Harding Trail

Map:  Harding Trail Map (NRPC map detail
Length:  0.9 mile. Post 13 to Post 15 on Highland Trail
Identification: Yellow Blazes
Difficulty: Walking: Easy 
                  XC skiing: Moderate
                  Mountain biking:  Not allowed.

This trail is named for Herbert Harding as is this section of Joe English Reservation. Herb was a member of the ACC who enjoyed working with young people on trail projects as their mentor and coworker. The Harding Trail was created along with the Pine Trail with XC skiing in mind by Eagle Scout Mark Votaw. Originally, the trail formed a figure eight. It is now realigned into a single loop onto higher and drier ground. 

Log:  The trail begins one half mile from PMEC at Post 13 on the Highland Trail (Blue). The trail crosses a ledgey area with many dead trees, probably the result of gypsy moth infestations followed by abnormally dry summers several years ago. Note depressions with small mounds at .2 mile. These features can be formed as large uprooted trees slowly decay and drop the dirt and rocks raised with roots. In this case, the 1938 hurricane was a probable culprit.  Caution: Uprooted tree stumps can be inviting and dangerous spots for young people to play.  Those rocks in the root mass are going to drop someday.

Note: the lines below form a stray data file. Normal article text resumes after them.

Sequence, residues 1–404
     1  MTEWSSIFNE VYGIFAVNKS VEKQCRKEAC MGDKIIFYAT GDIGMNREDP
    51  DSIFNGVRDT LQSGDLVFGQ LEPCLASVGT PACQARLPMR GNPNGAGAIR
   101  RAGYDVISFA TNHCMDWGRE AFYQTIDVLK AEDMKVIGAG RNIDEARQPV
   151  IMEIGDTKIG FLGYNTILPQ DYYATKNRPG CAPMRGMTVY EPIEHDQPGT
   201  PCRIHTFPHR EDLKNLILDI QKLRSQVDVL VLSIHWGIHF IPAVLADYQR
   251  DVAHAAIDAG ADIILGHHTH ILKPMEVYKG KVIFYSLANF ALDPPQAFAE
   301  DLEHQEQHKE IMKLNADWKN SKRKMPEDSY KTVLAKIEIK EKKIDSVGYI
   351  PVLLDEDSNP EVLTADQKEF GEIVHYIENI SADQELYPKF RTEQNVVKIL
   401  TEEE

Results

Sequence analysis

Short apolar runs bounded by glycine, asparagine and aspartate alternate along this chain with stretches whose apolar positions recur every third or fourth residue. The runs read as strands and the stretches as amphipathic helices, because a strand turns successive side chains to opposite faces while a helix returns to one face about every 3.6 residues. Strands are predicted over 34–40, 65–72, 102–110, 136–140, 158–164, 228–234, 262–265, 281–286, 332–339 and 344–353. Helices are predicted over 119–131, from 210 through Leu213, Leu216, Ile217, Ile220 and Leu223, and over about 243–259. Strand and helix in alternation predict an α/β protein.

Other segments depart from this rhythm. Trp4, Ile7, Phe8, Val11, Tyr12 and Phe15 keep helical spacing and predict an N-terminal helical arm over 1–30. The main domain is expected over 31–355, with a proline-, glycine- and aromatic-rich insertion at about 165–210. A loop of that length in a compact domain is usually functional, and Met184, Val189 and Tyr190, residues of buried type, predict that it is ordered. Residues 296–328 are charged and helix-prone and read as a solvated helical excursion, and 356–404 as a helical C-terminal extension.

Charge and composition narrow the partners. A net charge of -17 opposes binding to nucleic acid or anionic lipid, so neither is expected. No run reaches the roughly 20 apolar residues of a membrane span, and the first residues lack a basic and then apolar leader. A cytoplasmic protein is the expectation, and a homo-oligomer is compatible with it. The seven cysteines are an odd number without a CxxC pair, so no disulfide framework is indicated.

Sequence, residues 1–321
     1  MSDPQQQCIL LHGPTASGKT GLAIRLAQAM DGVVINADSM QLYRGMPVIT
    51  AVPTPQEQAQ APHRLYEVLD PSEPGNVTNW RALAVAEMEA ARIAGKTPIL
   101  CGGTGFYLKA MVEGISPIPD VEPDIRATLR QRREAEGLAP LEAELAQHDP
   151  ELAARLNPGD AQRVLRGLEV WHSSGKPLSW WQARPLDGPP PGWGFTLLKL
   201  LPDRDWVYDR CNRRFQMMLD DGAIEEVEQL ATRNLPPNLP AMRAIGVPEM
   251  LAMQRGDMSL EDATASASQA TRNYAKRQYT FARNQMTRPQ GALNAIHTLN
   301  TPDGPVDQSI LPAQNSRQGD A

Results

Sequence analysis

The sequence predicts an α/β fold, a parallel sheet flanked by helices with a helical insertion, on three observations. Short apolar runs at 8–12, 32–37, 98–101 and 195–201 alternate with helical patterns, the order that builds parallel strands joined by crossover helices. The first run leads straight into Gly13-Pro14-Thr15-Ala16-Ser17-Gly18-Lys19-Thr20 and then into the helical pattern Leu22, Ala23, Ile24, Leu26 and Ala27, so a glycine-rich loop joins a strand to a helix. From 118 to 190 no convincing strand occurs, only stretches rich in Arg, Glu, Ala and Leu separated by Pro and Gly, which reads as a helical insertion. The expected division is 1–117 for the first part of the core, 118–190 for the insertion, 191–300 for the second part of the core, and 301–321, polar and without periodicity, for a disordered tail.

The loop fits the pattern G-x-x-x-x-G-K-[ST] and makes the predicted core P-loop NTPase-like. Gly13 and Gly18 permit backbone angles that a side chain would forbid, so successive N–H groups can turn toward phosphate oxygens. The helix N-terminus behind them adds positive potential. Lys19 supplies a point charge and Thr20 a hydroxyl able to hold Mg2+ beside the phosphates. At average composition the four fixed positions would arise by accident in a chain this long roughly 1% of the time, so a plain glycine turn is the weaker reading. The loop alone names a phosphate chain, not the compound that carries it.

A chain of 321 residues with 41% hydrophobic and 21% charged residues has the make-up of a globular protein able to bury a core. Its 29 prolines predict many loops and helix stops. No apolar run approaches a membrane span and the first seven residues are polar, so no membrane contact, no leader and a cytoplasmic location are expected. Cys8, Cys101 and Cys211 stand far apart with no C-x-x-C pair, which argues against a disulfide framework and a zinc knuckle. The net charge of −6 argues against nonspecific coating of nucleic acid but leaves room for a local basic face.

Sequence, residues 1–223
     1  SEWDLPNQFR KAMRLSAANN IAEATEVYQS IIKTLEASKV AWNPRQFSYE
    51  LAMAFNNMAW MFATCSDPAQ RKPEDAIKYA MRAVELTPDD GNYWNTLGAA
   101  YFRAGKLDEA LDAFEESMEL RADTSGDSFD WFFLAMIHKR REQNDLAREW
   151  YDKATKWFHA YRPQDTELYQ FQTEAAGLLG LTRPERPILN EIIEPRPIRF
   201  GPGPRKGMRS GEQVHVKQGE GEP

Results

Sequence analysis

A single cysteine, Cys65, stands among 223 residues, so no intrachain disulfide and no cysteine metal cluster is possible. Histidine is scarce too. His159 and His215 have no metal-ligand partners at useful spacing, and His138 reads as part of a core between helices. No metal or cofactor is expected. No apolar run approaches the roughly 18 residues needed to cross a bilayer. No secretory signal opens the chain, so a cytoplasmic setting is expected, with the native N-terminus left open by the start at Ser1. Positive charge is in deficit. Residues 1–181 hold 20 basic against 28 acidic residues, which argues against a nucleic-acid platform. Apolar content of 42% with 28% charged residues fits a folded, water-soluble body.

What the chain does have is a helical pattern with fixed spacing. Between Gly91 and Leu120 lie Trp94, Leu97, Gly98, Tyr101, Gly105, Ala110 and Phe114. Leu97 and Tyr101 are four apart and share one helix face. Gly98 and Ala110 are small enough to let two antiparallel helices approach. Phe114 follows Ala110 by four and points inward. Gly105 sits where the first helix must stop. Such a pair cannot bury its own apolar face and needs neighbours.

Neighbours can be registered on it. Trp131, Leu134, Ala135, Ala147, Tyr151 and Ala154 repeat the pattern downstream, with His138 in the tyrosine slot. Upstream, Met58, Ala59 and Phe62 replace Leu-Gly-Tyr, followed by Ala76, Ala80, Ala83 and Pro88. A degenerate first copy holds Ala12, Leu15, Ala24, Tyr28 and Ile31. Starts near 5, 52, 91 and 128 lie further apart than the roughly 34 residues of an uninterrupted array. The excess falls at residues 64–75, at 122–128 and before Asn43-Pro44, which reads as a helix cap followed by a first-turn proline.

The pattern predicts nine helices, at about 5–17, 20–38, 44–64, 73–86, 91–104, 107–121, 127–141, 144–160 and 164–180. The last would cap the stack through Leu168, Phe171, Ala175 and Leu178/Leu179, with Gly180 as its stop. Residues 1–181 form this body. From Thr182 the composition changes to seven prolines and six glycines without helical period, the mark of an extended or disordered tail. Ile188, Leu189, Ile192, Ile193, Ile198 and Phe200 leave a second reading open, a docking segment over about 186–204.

At .3 miles, cross a small bridge. Hemlocks on the left cover the ledges above Clean Brook. The blue-blazed boundary of NBAS is on the left. (See general prohibition on entry into NBAS). The trail now swings right (south) and begins a rise to a height of land in .6 mile. In this area, note rubbing on trees by deer and pruning of hemlocks by porcupines that have their den nearby.  The trail slopes downward with occasional views to the west and a view over a large vernal pool*.
At .8 miles a narrow, twisting section of trail avoids an older and much wetter section, instead crossing a small stream. Rejoin the Highland Trail at Post 15, one-quarter of a mile from Post 13 to the right. The Plumb Forest parking area is approximately .6 mile to the left.

* Vernal pools are a special type of wetland that may only hold standing water a few months of the year. However in that brief period, they provide important habitat for breeding salamanders, wood frogs and fairy shrimp without fish to prey upon them